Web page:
This week we began crafting our Stage 1 main understandings and essential questions elements of our UbD curriculum projects. Chapters 5 and 6 in Wiggins & McTighe’s Understanding by Design (2005) were most helpful to me as I considered the relevance of main understandings and essential questions to curriculum design.
When creating essential questions, Wiggins & McTighe (2005, p. 113) state that they should be framed around four “big idea” categories: Key concepts, purpose and value, strategy and tactics, and context of use. One particular piece of information that stuck with me on this subject is that essential questions are not looking for a definitive answer. Effective essential questions require thought and deep understanding of the content.
Wiggins & McTighe (2005, p. 132) make clear distinctions between what is a “fact” and what is an “understanding”. Someone’s understandings are based on the facts they have learned. Known facts are analyzed, connected, and applied in various situations in order to come up with relevant understandings. It was interesting to me to realize that someone’s understandings can be known as facts to someone else, depending on where on the continuum of knowledge a learner is. Similarly, many accepted facts today started out as understandings at some point in the past. This was helpful to me in that my curriculum design is geared towards kindergarteners. Many of their understandings would likely be referred to as facts by older students and adults.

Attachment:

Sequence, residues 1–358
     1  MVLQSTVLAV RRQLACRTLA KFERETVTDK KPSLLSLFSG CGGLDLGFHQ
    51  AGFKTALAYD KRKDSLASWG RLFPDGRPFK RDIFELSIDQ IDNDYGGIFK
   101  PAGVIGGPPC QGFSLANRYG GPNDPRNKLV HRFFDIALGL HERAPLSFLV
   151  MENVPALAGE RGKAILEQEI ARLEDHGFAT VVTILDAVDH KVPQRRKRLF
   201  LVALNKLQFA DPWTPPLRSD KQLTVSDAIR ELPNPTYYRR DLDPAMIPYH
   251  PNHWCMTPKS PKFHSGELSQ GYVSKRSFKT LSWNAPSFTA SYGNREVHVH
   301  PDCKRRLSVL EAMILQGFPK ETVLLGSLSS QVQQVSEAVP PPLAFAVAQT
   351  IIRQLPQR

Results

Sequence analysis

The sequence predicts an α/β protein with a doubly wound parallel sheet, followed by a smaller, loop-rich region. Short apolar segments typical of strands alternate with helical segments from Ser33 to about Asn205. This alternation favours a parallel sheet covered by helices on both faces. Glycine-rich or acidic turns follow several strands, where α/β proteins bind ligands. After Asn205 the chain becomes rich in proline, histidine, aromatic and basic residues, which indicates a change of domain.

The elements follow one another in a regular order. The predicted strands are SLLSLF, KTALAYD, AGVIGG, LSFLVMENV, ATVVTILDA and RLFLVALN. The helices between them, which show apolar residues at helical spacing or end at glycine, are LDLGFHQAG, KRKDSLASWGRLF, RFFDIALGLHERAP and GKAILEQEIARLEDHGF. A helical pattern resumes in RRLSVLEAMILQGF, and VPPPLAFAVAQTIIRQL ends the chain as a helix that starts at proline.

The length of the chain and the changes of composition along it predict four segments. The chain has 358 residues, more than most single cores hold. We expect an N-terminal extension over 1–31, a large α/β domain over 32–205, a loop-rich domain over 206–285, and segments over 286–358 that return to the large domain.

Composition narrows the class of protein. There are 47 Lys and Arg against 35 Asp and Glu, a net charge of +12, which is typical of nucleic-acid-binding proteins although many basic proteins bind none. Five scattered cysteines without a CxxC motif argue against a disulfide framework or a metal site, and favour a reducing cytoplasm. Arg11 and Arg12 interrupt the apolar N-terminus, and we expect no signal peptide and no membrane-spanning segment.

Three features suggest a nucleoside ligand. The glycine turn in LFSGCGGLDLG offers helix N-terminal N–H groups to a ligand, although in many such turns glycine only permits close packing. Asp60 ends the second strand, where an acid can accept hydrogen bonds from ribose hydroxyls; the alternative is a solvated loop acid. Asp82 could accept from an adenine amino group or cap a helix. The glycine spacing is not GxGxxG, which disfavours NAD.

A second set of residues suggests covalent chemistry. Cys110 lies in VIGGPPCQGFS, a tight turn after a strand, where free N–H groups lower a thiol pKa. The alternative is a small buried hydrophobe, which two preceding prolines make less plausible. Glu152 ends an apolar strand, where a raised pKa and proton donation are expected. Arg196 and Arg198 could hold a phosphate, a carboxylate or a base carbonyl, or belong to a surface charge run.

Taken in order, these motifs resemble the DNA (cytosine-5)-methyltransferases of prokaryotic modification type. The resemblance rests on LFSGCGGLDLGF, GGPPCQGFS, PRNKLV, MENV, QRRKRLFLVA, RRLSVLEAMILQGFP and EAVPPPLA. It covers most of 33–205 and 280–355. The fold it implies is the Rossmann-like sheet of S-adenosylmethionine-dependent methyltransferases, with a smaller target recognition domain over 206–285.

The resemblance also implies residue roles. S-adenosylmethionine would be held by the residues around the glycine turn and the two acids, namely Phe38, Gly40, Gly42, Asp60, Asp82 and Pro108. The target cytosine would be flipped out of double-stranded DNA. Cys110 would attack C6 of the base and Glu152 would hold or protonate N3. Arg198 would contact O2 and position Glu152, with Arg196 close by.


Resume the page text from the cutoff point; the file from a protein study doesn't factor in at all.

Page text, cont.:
Wiggins, G. & McTighe, J. (2005). Understanding by Design. Alexandria, Virginia: Association for Supervision and Curriculum Development.